Yes, and I think it is stretching the terminology to say "where
    multiple statements occur between two given sequence points" since
    there is a sequence point at the end of every statement.

    Of course, you can have a "comma-separated list of assignments" with
    no comma operator: f(a=1, b=2, c=3);.

    --
    Ben.
    Ben Bacarisse, Jan 17, 2009
    #4
  5. Mark McIntyre wrote:
    > Ben Bacarisse wrote:
    >> Of course, you can have a "comma-separated list of assignments" with
    >> no comma operator: f(a=1, b=2, c=3);.


    Ah! I didn't think of that case, since I'd never put an assignment
    inside an argument list.

    > quite. I suspect that
    >
    > int a,b,c;
    > a=1,b=2,c=3;
    >
    > also counts?


    No. There, you are using the comma operator, so there are sequence
    points between the assignments. The comma in an argument list, however,
    is not the comma operator and thus does not create a sequence point.

    S

    --
    Stephen Sprunk "Stupid people surround themselves with smart
    CCIE #3723 people. Smart people surround themselves with
    K5SSS smart people who disagree with them." --Isaac Jaffe
    Stephen Sprunk, Jan 19, 2009
    #5
  6. Mark McIntyre <> writes:

    > Ben Bacarisse wrote:
    >> Stephen Sprunk <> writes:
    >>
    >>> Mark McIntyre wrote:
    >>>> The order of execution of statements is defined by the Standard. To
    >>>> a large extent it depends on the presence of sequence points. The
    >>>> location of these is defined by the language standard. Where
    >>>> multiple statements occur between two given sequence points, their
    >>>> order of execution /may/ be defined by other sections of the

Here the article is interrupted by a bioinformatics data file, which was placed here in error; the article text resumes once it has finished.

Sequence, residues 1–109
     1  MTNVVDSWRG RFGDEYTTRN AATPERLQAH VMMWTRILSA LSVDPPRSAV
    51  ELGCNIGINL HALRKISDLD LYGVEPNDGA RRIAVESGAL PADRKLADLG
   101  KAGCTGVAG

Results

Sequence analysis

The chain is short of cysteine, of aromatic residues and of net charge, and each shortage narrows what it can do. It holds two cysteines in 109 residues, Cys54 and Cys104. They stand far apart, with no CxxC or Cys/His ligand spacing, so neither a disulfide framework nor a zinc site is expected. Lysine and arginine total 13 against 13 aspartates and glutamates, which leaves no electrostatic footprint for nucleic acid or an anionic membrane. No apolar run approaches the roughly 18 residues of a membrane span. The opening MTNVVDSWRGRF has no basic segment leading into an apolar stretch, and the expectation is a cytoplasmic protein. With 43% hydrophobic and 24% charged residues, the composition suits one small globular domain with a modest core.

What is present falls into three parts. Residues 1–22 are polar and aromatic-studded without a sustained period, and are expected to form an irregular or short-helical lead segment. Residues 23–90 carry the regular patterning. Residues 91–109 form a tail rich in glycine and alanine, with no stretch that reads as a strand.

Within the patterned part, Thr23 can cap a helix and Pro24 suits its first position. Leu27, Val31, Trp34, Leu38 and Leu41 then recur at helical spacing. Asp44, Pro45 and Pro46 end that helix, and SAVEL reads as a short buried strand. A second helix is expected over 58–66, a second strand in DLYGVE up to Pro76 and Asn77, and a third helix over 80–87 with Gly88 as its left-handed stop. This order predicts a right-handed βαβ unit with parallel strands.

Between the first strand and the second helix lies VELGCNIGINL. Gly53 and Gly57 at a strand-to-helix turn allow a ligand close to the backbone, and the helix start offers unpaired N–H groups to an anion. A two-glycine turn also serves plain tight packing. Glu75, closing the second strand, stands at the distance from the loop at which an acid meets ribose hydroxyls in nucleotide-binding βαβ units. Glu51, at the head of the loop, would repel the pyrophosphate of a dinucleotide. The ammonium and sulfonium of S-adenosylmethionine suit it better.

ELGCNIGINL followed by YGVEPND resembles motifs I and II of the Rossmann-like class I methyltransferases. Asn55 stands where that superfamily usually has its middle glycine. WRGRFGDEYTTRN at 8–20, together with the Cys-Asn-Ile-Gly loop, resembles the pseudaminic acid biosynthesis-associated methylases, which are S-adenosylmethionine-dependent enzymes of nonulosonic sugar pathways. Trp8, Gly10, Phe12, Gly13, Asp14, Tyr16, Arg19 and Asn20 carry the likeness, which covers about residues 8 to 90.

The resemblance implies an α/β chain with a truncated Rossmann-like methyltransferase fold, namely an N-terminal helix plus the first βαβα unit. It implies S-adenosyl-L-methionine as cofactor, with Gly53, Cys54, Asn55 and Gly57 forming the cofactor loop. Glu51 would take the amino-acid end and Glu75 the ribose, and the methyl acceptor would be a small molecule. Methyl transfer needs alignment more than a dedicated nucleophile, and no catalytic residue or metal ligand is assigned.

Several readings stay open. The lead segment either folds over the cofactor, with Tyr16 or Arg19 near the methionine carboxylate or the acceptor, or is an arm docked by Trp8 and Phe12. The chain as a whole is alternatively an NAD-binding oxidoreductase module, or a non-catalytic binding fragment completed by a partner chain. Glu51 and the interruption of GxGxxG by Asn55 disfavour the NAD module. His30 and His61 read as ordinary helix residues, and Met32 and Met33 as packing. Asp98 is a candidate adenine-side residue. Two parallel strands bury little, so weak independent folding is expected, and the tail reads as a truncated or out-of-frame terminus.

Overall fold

>>>> standard - but if not, then the order of execution is undefined. I
    >>>> believe a simple example of that would be a comma-separated list of
    >>>> assignments.
    >>> Doesn't the comma operator create a sequence point, just like a
    >>> semicolon?

    >
    > It does, but I wasn't referring to the coma operator...


    But you do below. I think you need to say exactly what mean.

    >> Yes, and I think it is stretching the terminology to say "where
    >> multiple statements occur between two given sequence points" since
    >> there is a sequence point at the end of every statement.

    >
    > I'm not so sure that's stretching the terminology.


    I can't think of how multiple statements can occur between two
    sequence points. I thought you were being lax using the term
    "statement", but there must be some explanation. Can you give an
    example so we call see what you mean?

    >> Of course, you can have a "comma-separated list of assignments" with
    >> no comma operator: f(a=1, b=2, c=3);.

    >
    > quite.


    Yes, but it is not an example of the first point since it is only one
    statement.

    > I suspect that
    >
    > int a,b,c;